One is that future contingents like 'It will rain tomorrow' lack a truth value. This definition of the open future denies bivalence, that every sentence is either true or false. But there are some views of the open future that are compatible with bivalence, so Torre thinks this isn't the best definition formulation of the open future.
Another is that the "future is indeterministic" in the sense that all the untensed truths now plus the laws of nature do not entail all the future-tensed truths. (Usually one says that the laws or the universe is deterministic.) Torre's main objection with the formulation of the OF is that it doesn't account for the asymmetry between past and present, because the past could be indeterministic in this sense, yet we do not think it is open.
The last that Torre offers is that we can affect the future but not the past, and in that sense the future is open. This is in line with Lewis's formulation in terms of counterfactual dependence.
On the block theory, all events are temporally related by the earlier-/later-than relation (so time is linear), and on the branch theory, this is not the case. Suppose a moment t branches to moments t1 and t2. Then t1 is neither earlier nor later than t2.
Yes. Consider a growing block view on which the future doesn't exist but where the laws of nature are deterministic. In such a world the future is determined even though the future doesn't (yet) exist.
Yes. The so-called Thin Red Line view has it that not all branches are on an ontological par since only one of them is marked out (metaphorically!) by a thin red line representing the actual history and future.
He does so in terms of the asymmetry of counterfactual dependence. E.g. if I had eaten a lot of pancakes for breakfast this morning, I would skip lunch this afternoon, but if I had not eaten a lot of pancakes this morning, I would not skip lunch this afternoon. On the other hand, whether or not I had eaten a lot of pancakes for breakfast this morning, it would still be true that men landed on the moon. So counterfactual suppositions about the present "affect" which future-tensed propositions are true, but which past-tensed ones are true.
Intuitively it needs to be intrinsic, otherwise the sense in which the future is open on Lewis's divergence picture looks merely epistemic; it is one on which we simply don't know which world we're in. In another sense, it's not. For even if we knew all the untensed truths of the present together with the laws, we could not determine which future-tensed truths hold. So one difference between divergence and intrinsic branching is that future contingents are true on divergence, though not determinately, while they may be neither if branching is intrinsic.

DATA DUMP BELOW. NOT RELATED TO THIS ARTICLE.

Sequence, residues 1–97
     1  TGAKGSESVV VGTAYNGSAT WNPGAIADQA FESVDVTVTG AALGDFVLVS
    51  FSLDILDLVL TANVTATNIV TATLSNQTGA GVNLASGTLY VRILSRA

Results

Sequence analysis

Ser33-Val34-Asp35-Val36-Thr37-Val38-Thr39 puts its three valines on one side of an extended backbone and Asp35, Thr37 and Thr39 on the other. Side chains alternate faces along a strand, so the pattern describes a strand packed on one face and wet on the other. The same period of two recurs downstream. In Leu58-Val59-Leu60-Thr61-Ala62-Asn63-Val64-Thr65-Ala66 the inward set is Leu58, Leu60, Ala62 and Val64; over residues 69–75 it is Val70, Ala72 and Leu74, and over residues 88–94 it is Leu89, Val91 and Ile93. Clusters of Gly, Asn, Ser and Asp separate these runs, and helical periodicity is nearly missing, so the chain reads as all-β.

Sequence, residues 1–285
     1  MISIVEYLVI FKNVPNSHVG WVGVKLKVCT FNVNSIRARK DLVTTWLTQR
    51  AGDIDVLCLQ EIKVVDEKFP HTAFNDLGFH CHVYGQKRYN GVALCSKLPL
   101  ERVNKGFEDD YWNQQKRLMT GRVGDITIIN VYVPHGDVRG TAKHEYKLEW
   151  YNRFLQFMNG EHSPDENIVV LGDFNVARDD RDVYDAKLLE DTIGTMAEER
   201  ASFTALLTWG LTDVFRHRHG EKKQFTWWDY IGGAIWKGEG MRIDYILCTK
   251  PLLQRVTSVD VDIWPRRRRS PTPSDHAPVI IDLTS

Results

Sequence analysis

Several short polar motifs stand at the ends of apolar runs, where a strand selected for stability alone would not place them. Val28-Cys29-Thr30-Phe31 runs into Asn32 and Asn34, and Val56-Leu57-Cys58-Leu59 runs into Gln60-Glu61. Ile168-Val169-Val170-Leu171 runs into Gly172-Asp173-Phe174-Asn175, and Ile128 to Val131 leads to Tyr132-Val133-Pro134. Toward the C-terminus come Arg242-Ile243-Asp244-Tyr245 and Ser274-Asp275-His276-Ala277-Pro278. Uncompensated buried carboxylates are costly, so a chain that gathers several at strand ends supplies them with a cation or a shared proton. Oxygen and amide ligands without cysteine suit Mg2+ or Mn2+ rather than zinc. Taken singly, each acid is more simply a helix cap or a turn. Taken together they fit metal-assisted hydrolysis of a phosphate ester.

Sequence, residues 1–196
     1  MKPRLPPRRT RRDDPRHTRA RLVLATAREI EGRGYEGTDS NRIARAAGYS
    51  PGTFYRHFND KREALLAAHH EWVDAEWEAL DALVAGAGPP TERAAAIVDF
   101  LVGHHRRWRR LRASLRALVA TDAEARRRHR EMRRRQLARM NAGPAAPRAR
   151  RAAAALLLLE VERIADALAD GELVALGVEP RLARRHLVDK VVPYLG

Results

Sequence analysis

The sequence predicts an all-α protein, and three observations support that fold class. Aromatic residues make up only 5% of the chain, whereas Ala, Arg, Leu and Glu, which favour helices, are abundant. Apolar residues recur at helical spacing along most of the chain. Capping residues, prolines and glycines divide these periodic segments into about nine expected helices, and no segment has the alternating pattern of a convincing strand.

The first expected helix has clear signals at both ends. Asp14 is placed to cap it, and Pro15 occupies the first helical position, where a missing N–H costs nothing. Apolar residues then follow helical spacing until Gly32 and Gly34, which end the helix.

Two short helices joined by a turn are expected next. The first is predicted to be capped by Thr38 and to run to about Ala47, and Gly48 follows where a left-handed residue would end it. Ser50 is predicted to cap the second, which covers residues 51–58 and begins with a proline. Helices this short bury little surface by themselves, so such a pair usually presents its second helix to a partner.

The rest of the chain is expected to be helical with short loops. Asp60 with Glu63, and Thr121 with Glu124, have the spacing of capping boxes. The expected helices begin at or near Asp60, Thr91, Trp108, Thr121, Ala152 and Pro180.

On the divergence picture, future contingents are true or false, though not necessarily determinately true or false. Given that the future exists in the block, looking from the outside we can see whether it rains tomorrow, even if it is indeterminate in virtue of the existence of other worlds sharing our laws that are like ours up to the present but diverge thereafter (in the sense of making different propositions true).
That between the factual future tense ('There will be a sea battle tomorrow'), the strong modal future tense ('There must be a sea battle tomorrow') and the weak modal future tense ('There might be a sea battle tomorrow').
If time is linear then the natural semantics for 'It will be such that A' is that it is true at a moment just in case there is a later moment at which A. But this is the same semantics that would be given for 'It must/might be suche that A' if time is linear. So all three turn out semantically, hence logically, equivalent.
If time branches, we have three options for interpreting 'It will be such that A'. The first is that A be true at some later moment. But then 'It will be such that A' and 'It will be such that not-A' may be mutually consistent, which seems wrong. The second is that A be true at some later moment on every future continuation; i.e. it gets interpreted as 'A is inevitable'. But that gives it strong modal force, equivalent to 'It must be such that A (in the future)'. The final option is that A be true at every later moment. This is the strongest interpretation and implies the previous one, so it too has strong modal force. In each plausible case (the last two), we get a collapse of the factual with the modal future tense.
He thinks that we should "investigate the beliefs, intentions, etc. of the speaker to decide whether he is prepared to go all the way to ['It must be the case that A' (in one of the two senses)] or is making a guess, an founded prediction, is only reasonably sure, and so forth, in which case we can take him as asserting ['It might be the case that A']" [p. 288].